NB the gallery is closed on Sundays and Mondays.

Ace Arts is easy to find, opposite the church in the centre of Somerton. TA11 7NB.

found poem: on the coats

August 8, 2019

Another bit of wisdom from j.i.k.

chocolate is a verb

found poem © j.i. kleinberg

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With Bath Artists and Writers, 20th July

July 22, 2019

Genesis 9

It’s not my habit to introduce my posts with biblical passages. But these chilling verses from Genesis, quoted by Sue Boyle at the start of her audio-visual presentation on Saturday afternoon, do sum up pretty well how our species has used the earth and the other species with which we share it.

Sue’s presentation, of moving slides accompanied by Dido’s Lament from Purcell’s “Dido and Aeneas”, came to an end in stunned silence. It was magnificent, but applause would have been inappropriate.

For me, this was the high point of an outstanding meet-up.

At our meeting on 1st June, Ann Cullis proposed a project called The June Almanac. The object was to write a short observational piece for each day of the month, avoiding similes and metaphors and the use of the first person. Fourteen of us took part, and later submitted our choice of ten entries, which Ann collated and anonymised. They were read during the morning session by a team of five readers. Later, some of us read a few more entries. They were, on the whole, just as good as the chosen ones. Overall, a very high standard of observation and writing, taking in all the senses, and including notes on weather, human foibles, and activities of birds, animals, insects and  gastropods. Each one was complete in itself, and together they gave a wide-angled view of our lives over the previous month. All the participants enjoyed the process and felt they had benefited from it. We are grateful to Ann for proposing this project and for seeing it through. Below is a photo of the submissions laid out in date order. My June Almanac can be seen here.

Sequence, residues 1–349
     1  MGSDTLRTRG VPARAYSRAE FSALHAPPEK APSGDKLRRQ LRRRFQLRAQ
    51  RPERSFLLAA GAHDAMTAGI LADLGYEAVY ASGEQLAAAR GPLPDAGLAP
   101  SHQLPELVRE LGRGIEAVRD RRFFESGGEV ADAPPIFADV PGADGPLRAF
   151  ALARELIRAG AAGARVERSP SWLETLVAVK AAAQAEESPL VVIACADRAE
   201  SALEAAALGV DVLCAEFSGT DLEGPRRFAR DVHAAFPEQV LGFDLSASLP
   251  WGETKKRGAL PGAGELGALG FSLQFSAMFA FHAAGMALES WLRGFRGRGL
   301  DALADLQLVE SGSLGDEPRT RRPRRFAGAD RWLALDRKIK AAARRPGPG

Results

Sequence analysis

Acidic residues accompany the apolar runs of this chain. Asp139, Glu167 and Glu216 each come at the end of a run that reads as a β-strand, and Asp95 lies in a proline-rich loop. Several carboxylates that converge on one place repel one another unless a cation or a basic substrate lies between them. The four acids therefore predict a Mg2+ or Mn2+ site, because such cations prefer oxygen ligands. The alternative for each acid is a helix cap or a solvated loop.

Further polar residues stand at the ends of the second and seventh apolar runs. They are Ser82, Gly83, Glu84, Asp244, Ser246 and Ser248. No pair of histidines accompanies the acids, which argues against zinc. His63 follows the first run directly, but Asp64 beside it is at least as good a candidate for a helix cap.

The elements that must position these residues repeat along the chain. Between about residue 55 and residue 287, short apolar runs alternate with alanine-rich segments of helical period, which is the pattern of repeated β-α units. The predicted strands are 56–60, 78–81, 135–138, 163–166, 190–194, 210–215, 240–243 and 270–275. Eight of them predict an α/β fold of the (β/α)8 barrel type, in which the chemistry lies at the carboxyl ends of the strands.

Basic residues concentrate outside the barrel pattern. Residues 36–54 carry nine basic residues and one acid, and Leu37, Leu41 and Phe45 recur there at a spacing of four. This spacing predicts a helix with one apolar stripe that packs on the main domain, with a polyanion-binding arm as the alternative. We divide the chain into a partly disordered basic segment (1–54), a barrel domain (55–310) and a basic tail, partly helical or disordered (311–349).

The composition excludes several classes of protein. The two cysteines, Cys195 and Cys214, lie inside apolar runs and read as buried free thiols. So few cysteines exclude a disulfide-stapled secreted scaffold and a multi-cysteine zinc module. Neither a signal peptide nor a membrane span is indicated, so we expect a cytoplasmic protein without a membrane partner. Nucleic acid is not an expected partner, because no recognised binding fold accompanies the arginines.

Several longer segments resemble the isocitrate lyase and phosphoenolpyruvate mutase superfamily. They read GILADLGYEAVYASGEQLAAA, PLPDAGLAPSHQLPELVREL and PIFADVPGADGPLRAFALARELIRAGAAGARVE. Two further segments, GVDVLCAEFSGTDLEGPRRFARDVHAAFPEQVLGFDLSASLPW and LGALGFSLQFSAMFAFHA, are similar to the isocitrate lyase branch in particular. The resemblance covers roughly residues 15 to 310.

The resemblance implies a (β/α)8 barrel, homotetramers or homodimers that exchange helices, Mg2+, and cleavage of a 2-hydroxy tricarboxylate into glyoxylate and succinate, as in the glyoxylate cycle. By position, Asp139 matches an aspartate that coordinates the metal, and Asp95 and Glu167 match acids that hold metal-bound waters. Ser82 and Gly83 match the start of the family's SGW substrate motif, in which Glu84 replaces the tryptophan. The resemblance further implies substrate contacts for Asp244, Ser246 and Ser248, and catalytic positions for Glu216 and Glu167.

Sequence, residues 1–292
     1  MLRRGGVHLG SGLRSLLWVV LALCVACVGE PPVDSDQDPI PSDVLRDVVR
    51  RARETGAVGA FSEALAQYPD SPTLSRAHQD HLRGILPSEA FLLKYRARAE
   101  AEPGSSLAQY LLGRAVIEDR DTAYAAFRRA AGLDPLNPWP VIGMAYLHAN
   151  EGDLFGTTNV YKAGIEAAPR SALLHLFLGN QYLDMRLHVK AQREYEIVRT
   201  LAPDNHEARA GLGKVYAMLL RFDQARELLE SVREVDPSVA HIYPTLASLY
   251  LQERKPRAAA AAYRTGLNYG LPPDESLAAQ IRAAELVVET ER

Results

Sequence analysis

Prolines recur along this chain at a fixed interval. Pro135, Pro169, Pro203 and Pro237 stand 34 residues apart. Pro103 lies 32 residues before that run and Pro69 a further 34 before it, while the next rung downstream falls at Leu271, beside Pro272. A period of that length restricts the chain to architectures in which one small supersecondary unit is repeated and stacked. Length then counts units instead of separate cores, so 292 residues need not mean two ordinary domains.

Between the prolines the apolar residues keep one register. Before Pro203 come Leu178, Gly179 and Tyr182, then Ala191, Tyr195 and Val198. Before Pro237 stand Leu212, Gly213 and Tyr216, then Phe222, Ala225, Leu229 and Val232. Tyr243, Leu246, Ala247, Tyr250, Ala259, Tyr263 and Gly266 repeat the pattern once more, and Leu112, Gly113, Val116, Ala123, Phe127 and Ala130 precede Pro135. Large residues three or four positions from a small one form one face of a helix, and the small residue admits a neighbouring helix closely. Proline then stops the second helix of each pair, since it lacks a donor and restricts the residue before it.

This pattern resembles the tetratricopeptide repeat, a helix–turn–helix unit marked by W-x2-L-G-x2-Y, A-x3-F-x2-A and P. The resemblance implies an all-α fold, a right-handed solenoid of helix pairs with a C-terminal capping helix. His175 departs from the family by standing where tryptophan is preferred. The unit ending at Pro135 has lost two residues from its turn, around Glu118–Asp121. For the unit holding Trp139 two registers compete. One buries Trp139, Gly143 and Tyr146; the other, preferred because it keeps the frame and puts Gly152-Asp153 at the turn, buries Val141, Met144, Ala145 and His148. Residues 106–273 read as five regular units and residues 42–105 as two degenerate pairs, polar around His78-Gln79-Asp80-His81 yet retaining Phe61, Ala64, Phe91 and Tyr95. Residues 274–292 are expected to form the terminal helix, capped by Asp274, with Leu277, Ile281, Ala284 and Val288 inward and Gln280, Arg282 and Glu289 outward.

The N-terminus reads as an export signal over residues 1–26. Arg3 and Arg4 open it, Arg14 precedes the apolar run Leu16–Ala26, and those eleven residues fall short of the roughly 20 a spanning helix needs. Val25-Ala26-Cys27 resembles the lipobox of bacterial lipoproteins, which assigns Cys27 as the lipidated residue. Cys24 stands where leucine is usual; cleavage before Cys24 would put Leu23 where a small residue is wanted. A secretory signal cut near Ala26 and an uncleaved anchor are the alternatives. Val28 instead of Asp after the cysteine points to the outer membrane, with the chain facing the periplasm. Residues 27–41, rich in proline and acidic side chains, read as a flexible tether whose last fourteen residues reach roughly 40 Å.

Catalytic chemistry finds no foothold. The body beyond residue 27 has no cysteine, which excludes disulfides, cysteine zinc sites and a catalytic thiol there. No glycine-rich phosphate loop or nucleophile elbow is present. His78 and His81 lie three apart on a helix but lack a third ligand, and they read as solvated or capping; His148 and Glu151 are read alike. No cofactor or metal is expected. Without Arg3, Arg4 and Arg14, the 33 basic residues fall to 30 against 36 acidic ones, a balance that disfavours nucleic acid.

122 pieces

The afternoon session of environmental writing was introduced by Peter Reason, starting with a showing of the film “Rise: from one island to another“. Do take a few minutes to watch this film, unplug from your daily distractions, immerse yourself in the beauty of our shared home, and let the poetry heal.

Sue’s presentation (mentioned above) was followed by an unrehearsed ceremony of readings in response to “Rise”. Each reader came to the lectern at what felt the right moment.

After two dear deaths in the past two weeks I was rather emotional, but even without this I think I would still have been moved to tears by many of the readings, and especially by Eileen Cameron’s short poem “A land laid bare”.

Conor Whelan brought the afternoon to a close with a performance from memory of Yeats’s  “The Lake Isle of Innisfree”. The day was a heartfelt sharing of our deepest concerns. As a group we are moving forward into new territory, growing into a deeper knowledge of ourselves and of one another.


Posted by Ama Bolton on 22nd July 2019.